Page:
Far too often, the thought of a librarian is a blurry one. Blotted out by spider webs, dust and those classic fictional scrolls that contain timeless knowledge of middle earth, housed in magnificent architectural wonders. Besides these retro-wonders that make for brilliant stories, librarians are often misrepresented by their historical significance – before the digi-kids from the 90’s started visiting libraries less.
The month of June aims to highlight growth, change and progress in the professional information industry, and unites many different industry leaders at the South African Online User Group’s (SAOUG) and the Organisation of South African Law Libraries (OSALL) combined annual conference.
The out-dated mindset applied to librarians, emanates from the concept of a library back when it was just a building of books. According to the VP of content support and training at Thomson-Gale Publishers George R. Plosker, the word “library” may no longer adequately represent what either libraries or librarians actually accomplish. Furthermore this reflects aptly a profession in transition – no longer do we have the librarian whose ears ache on a whisper.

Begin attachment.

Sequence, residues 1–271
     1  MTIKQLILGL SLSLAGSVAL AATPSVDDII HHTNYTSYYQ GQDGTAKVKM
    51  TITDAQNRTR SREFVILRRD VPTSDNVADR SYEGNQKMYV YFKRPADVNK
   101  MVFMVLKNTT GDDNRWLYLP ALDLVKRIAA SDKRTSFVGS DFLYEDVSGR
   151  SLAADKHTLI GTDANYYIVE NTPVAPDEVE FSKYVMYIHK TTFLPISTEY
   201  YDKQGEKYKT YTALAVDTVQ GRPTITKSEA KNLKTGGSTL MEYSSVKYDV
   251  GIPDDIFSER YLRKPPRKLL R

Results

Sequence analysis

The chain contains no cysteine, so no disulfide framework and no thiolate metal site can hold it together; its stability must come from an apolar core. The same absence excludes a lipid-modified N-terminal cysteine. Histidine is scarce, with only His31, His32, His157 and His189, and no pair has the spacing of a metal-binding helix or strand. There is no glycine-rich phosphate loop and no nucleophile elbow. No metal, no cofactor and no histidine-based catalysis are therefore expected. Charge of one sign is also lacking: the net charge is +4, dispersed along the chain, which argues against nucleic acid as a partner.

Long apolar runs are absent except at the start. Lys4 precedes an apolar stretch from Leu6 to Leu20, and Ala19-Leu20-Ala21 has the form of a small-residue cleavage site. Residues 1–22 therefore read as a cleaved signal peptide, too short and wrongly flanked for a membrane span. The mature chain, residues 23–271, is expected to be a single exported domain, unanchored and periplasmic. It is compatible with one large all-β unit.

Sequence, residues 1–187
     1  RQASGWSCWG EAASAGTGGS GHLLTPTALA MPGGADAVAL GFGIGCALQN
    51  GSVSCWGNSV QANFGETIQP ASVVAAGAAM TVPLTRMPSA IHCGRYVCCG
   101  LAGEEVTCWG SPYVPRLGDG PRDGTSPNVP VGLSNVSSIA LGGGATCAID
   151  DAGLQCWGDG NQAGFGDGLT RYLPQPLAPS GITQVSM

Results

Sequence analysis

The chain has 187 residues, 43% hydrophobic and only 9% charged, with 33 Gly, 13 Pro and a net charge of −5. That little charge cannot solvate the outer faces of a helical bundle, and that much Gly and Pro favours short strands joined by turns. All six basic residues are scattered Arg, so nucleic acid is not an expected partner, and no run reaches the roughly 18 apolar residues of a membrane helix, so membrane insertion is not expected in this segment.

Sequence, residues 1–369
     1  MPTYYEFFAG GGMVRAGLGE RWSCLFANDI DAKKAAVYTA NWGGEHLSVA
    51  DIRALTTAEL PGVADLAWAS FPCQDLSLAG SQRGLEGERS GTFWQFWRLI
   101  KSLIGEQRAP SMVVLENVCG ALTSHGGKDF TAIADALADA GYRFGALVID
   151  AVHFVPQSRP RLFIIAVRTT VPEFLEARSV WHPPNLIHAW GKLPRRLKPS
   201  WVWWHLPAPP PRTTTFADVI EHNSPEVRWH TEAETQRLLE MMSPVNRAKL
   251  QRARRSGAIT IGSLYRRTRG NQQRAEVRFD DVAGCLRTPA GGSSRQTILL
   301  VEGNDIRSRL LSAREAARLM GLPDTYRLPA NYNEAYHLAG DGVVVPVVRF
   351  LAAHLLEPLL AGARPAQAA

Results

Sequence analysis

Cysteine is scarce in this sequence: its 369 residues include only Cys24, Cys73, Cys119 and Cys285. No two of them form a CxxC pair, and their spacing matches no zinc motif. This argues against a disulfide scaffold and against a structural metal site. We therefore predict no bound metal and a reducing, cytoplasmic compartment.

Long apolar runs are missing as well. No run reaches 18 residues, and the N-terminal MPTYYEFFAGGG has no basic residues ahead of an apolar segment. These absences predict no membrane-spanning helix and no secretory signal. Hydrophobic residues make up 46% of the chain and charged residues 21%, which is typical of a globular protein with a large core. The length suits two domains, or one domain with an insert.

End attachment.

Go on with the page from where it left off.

The 13th International South African Online Information Meeting (SAOIM 2016) took place in the capital city and saw invaluable presentations from industry leaders, most notably the keynote speaker from Australia. Kathryn Greenhill is an information professional – or librarian – that believes connection, freedom, recreation and wisdom are the defining aspects of any library.
Kathryn Greenhill encouraged her peers and delivered a brilliant presentation on how to cope with new technologies constantly changing in the information industry. As an author, presenter and facilitator for 20 years, Greenhill’s experience is impeccable. She currently holds a Clinical Professional Fellowship at the Department of Information Studies at Curtin University, in Perth, Australia. She has presented globally on over 50 occasions across four continents.
South Africa’s leader in the professional information industry – Sabinet – sponsored Greenhill for SAOIM 2016, dusting off the old idea of what a library was, to establish that the power of information never ceases to sustain and nurture a better future filled with wisdom, freedom and recreation, connecting us to the very information that brought humanity to where it stands today.
“Libraries can remain relevant if we keep our connection with our communities and work out how to serve them best,” Greenhill concluded at the conference. To find out more about Greenhill, visit her blog Librarians Matter and add your own voice.